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An Ending This work has been published in the Teen Ink monthly print magazine.

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   When the geese calls echo overhead and the dry grass bends with the wind and the sky is as sharp as a crystal and the color of his eyes, then it will be over and so it will end. And as the summer fades, so too will this relationship. And while that in itself isn't unusual or even remotely interesting, it still seems so unfair. I know nothing lasts forever, not even those endless summer days, consistent only in their endless heat. Those days when I break into sweat just getting out of bed and every movement takes an extra effort, as if without exaggeration, the point will be lost. When it's so hot the night brings relief only in lessening the hazy sunlight's glare. Those days of endless phone conversations, one hardly distinguishable from the next, where the voice on the other line talks of the upcoming school year in terms of the past one, and of events last year that were "soooo embarrassing!!" and I sit on my porch watching the waves of heat shimmer and distort the house across the street and I feel removed from all the apparent anguish and distress as the voice then proceeds to bemoan the passing of summer.

I guess perhaps I am removed - I haven't gone to a party in more than a year, why bother, if you annoyed me in school, why won't you at a party? And I guess my summer is removed then, too, my summer of heat, the dry brown grass, the hazy pink night sky, the dirty candy wrappers left from over-tired tourists, the feel of soft ice cream melting down my fingers, the scent of beach roses, the snarls in my hair from biking or running, the too-warm water of a pond in August, the calluses on the bottom of my feet, and of course, this summer at least, the endless anticipation for his calls, the frantic preparations preceding his visits and the constant upheaval of emotions when I'm with him. How can I expect anyone else to understand that? How can I be so naive as to believe someone won't?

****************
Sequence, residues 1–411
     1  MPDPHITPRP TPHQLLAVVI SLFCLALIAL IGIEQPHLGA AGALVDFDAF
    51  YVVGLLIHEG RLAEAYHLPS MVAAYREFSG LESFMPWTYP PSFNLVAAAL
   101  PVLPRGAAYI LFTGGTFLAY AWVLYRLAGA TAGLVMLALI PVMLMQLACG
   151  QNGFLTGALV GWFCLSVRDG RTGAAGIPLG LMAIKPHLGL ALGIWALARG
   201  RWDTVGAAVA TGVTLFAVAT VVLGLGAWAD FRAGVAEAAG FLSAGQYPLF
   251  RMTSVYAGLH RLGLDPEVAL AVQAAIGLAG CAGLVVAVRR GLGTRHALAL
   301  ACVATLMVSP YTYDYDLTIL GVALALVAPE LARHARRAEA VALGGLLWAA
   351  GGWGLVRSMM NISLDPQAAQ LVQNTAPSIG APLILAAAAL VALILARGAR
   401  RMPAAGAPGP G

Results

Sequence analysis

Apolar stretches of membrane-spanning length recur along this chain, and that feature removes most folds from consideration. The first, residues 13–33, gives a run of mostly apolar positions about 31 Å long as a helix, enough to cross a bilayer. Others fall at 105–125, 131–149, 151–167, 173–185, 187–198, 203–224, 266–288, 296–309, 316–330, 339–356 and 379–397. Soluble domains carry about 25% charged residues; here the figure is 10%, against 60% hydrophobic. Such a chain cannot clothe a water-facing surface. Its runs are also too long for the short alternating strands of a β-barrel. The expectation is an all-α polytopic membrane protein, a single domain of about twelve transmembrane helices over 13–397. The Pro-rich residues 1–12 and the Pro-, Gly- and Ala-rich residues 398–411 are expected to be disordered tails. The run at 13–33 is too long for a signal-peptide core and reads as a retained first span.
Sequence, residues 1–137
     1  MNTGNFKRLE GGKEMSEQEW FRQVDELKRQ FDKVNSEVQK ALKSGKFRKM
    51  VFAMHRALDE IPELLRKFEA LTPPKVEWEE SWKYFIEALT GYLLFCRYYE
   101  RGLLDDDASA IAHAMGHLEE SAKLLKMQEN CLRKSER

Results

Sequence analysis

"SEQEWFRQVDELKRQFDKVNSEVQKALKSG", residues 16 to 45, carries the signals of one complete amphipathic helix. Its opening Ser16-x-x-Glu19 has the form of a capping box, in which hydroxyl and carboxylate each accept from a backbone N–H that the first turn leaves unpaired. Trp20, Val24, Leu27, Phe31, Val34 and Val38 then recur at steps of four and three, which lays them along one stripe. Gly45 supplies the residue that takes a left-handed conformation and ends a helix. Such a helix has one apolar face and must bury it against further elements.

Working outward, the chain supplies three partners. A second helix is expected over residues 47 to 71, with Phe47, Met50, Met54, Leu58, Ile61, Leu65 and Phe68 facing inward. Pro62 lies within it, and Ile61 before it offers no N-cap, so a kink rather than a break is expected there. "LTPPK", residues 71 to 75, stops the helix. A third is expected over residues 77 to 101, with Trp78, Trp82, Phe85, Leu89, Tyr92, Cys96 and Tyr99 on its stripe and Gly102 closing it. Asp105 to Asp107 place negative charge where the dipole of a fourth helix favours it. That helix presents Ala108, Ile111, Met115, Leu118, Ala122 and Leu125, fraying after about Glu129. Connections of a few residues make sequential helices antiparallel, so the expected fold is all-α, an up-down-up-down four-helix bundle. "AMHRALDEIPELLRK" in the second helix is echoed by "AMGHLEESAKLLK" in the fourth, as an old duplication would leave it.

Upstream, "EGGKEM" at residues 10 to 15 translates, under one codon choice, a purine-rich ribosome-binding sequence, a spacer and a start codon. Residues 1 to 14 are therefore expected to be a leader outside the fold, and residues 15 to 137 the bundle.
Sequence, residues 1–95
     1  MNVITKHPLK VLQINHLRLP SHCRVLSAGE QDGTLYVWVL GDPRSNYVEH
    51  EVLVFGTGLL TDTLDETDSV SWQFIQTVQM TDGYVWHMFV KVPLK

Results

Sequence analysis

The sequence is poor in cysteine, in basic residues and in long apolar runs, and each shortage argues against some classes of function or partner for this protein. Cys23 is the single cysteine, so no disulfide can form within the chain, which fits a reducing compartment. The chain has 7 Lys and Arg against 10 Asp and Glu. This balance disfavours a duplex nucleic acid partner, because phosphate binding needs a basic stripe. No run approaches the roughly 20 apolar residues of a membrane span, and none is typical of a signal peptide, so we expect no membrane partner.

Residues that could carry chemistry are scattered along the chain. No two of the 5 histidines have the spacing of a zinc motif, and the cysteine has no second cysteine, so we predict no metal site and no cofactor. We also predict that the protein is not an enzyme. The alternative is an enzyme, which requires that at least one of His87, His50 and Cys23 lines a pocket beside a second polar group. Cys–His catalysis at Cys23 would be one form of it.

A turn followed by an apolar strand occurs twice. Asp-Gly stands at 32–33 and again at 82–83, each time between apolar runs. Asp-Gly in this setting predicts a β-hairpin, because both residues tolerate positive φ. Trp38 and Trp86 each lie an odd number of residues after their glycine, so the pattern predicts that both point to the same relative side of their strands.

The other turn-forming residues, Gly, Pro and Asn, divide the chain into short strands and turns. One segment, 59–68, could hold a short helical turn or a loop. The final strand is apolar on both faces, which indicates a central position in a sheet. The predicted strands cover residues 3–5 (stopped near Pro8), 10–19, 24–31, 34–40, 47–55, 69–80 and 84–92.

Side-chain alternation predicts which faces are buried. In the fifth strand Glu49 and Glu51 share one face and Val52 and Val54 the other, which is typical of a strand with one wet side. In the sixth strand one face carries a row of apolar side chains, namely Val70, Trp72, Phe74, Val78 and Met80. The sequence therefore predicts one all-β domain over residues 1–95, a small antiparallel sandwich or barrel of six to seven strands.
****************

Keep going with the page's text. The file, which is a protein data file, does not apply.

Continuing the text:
And though this relationship won't end because of what someone said someone else said, or because of what someone did or didn't do, or because of the lack of communication or even because of unspoken physical demands, end it will with the beginning of September, as we become separated by a hundred-plus miles. He will go off to a whole new world, far from the past, and I will return to two more years in a high school I already dislike. And though I desperately want to believe otherwise, the ending is certain. All around me are the signs of completion, of a cycle, yet again, concluded. From the way the sky colors at twilight, to the colors on the tips of the trees, to the geese that have begun flying in their v-shaped formations overhead; all is ending for now. And despite the joys of spring and summer, autumn will once again be a lonely season, full of memories and empty dreams blowing and dancing with the leaves. And once again I will walk the leaf-covered paths alone, and collect the final wildflowers from a faded summer alone, and face the everyday difficulties of life alone, made all the worse for having once been faced together.

But I will remain strong, and my strength will be built upon my loneliness. I will walk in and out of crowds alone, I will laugh and cry alone, I will face victory and defeat alone and I will stay strong; my cries for help will remain unspoken and my feelings will be known to me alone. And when I have accepted it, when the hurt doesn't pulse over me in waves of sorrow, when I can think of him without sadness, then and only then will I know if it truly is better to have, "loved and lost, than to have never loved at all." n


This work has been published in the Teen Ink monthly print magazine. This piece has been published in Teen Ink’s monthly print magazine.






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